- To repel is defined as to hold off, refuse to accept or reject.
- An example of to repel is the way citronella keeps mosquitoes away.
- An example of to repel is how sunlight drives away vampires.
repel definition by Webster's New World
- to drive or force back; hold or ward off: to repel an attack
- to refuse to accept, agree to, or submit to; reject: to repel advances
- to refuse to accept (a person); spurn: to repel a suitor
- to cause distaste or dislike in; disgust: the odor repelled him
- to cause (insects, etc.) to react by staying away
- to be resistant to, or present an opposing force to: a coating that repels moisture
- to fail to mix with or adhere to: water repels oil
Origin: Middle English repellen ; from Classical Latin repellere, to drive back ; from re-, back plush pellere, to drive: see pulse
- to drive off, or offer an opposing force to, something
- to cause distaste, dislike, or aversion
- repeller noun
repel definition by American Heritage Dictionary
verb re·pelled, re·pel·ling, re·pels verb, transitive
- To ward off or keep away; drive back: repel insects.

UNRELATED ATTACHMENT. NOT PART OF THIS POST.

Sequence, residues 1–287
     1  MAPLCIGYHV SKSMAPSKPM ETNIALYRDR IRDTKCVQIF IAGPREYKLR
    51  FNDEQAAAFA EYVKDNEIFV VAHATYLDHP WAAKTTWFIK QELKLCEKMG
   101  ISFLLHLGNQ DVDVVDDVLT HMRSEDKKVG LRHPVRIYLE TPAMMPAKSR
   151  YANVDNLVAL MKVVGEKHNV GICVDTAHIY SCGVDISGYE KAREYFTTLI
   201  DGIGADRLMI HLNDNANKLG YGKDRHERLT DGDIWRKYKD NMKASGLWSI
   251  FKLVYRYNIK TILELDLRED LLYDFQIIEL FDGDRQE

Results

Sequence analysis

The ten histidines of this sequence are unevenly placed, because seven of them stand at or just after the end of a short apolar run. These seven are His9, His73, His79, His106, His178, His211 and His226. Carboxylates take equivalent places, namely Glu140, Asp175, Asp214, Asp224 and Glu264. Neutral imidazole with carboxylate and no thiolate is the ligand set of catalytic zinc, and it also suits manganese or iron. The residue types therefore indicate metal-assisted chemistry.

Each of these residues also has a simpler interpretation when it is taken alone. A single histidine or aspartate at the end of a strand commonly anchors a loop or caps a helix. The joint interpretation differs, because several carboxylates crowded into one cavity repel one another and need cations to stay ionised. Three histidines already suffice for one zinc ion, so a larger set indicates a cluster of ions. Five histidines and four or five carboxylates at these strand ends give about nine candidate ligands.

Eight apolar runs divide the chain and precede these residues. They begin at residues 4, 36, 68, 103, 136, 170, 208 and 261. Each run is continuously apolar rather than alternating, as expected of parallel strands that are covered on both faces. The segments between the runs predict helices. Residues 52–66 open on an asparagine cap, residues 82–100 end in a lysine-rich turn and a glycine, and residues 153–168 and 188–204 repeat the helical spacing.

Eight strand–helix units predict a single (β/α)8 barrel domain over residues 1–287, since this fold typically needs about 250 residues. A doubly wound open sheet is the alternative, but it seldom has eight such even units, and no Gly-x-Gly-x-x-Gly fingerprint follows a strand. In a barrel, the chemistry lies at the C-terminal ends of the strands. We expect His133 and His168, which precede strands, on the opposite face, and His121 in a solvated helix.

- To offer resistance to; fight against: repel an invasion.
- To refuse to accept; reject: a company that was trying to repel a hostile takeover.
- To turn away from; spurn.
- To cause aversion or distaste in: Your rudeness repels everyone. See Synonyms at disgust. See Usage Note at repulse.
- To be resistant to; be incapable of absorbing or mixing with: Oil repels water.
- Physics To present an opposing force to; push back or away by a force: Electric charges of the same sign repel one another.
- To offer a resistant force to something.
- To cause aversion or distaste: behavior that repels.
Origin: Middle English repellen, from Old French repeller, from Latin repellere : re-, re- + pellere, to drive; see pel-5 in Indo-European roots.
- re·pelˈler noun